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April 2011

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The Return of the Maker
What do you sell to a customer who can make everything they need?

by Glen Emerson Morris
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The February 12, 2011 issue of The Economist featured a violin on the cover with the title, “Print me a Stradivarius. The manufacturing technology that will change the world.” The Economist is not exaggerating. The violin was printed using a 3D printer, a technology The Economist featured in a three-page article, in addition to the one page article for the cover story. If anyone was waiting for an official beginning of the Age of 3D Printing, that issue was it.

Since we first started covering 3D printing ten years ago 3D printing has gone from a vertical niche to a mainstream phenomena. New 3D printing manufacturers seem to be sprouting up like weeds, and new technologies are allowing everything from building structures to living organs to be printed. With the exception of the invention of the limitless power source, there is little doubt 3D printing technology will be the biggest revolution of the 21st century.

What role advertising will play in a world where the average person can make everything they need is something The Economist didn't go into, but it's worth considering. The quick answer is that advertising will survive, it just may not support anywhere near as many people as it does now.

The long answer is more complicated. To understand advertising's role in the post 3D printing world it's necessary to understand exactly how fundamental the change is 3D printing will bring about. The 3D printing revolution is bringing back a type of person we have not seen in ages, literally, the human as Maker.

For all of human pre-history, the average person had to make everything they needed, and they did. Social groups may have allocated the skills to different sexes, but “primitive” societies rarely show signs of individual specialization. Any pre-history humans could make the tools, clothing and shelter they needed if the resources were available. They were all Makers.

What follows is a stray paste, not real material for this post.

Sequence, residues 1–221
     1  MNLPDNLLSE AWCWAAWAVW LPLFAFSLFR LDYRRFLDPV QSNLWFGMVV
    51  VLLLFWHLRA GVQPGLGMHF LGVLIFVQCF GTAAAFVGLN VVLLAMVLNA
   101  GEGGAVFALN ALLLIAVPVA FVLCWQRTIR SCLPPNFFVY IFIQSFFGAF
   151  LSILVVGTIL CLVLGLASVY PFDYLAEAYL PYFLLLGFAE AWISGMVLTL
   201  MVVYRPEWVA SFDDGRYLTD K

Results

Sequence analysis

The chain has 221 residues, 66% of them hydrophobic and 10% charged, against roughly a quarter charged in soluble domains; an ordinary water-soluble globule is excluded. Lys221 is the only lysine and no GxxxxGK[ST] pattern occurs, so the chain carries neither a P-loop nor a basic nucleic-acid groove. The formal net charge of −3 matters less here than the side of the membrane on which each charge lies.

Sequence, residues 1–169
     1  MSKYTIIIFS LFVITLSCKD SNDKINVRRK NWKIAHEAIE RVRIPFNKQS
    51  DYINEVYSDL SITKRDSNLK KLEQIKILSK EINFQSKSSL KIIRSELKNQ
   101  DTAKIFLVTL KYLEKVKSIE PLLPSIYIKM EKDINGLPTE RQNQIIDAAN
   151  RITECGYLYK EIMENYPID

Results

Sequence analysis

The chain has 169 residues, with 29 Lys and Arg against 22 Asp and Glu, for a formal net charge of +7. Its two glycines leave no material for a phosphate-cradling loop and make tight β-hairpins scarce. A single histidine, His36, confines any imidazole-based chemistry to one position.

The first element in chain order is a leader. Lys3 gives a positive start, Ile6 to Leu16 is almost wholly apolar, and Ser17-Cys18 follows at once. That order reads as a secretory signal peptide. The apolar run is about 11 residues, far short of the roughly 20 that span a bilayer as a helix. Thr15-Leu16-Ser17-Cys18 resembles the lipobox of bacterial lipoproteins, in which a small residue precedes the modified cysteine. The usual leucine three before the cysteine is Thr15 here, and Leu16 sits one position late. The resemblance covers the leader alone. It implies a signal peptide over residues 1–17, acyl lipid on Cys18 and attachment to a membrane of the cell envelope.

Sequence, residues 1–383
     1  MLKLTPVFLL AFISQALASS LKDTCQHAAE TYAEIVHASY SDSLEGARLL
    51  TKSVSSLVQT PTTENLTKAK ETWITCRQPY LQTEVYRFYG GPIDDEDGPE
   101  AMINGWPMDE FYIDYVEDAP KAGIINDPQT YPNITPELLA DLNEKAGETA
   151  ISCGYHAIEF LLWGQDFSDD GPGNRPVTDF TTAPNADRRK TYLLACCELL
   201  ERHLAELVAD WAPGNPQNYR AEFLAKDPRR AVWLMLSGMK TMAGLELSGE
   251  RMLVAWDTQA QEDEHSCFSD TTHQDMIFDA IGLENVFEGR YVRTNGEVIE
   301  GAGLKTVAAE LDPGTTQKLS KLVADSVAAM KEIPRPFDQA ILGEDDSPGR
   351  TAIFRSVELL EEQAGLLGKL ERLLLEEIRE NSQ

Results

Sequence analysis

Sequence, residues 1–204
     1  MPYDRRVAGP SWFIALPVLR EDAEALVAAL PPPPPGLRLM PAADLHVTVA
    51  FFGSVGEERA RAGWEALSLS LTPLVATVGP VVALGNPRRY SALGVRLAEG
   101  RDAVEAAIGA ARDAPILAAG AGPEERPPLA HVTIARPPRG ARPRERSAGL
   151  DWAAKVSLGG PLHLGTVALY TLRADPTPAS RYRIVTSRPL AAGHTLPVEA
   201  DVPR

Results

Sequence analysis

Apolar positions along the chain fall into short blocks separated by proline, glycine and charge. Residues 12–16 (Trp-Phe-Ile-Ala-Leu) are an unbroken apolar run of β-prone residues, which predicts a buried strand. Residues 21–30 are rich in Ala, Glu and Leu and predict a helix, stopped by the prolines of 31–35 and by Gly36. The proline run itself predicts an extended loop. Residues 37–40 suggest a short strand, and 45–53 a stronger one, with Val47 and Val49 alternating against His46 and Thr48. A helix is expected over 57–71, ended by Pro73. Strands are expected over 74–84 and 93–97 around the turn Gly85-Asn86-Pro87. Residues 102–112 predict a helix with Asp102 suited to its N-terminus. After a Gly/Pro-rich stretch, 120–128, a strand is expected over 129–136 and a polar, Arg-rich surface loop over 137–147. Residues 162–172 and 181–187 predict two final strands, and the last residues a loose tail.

Then along came the agricultural revolution, then towns with specialized craftsmen, and eventually came the industrial revolution. Over a just few centuries, economies of scale created the modern factory and subsequent corporate life. As a result of this “recent” history we have become somewhat biased towards seeing life as a process of working to get the money to pay other people (or machines) to make the things we need. This revolution will change that.

The 3D revolution is really phase three of a much larger overall digital revolution. Phase one was the digital media revolution that made it possible to convert type, images, video and eventually objects into digital files. Phase two was the development of the digital media distribution system, the Internet, which allowed anyone to access nearly any digital file anywhere on the planet. Phase three is the development of printers that can print or materialize any physical object with a digital file available. It may sound fantastic, but the revolution is well underway.

At one time 3D printing was considered only economical for creating prototypes and never the finished product. No longer. Currently, it's estimated that about 20% of all 3D printing production is now the final product. It's estimated that by 2020 that percentage could rise to 50%.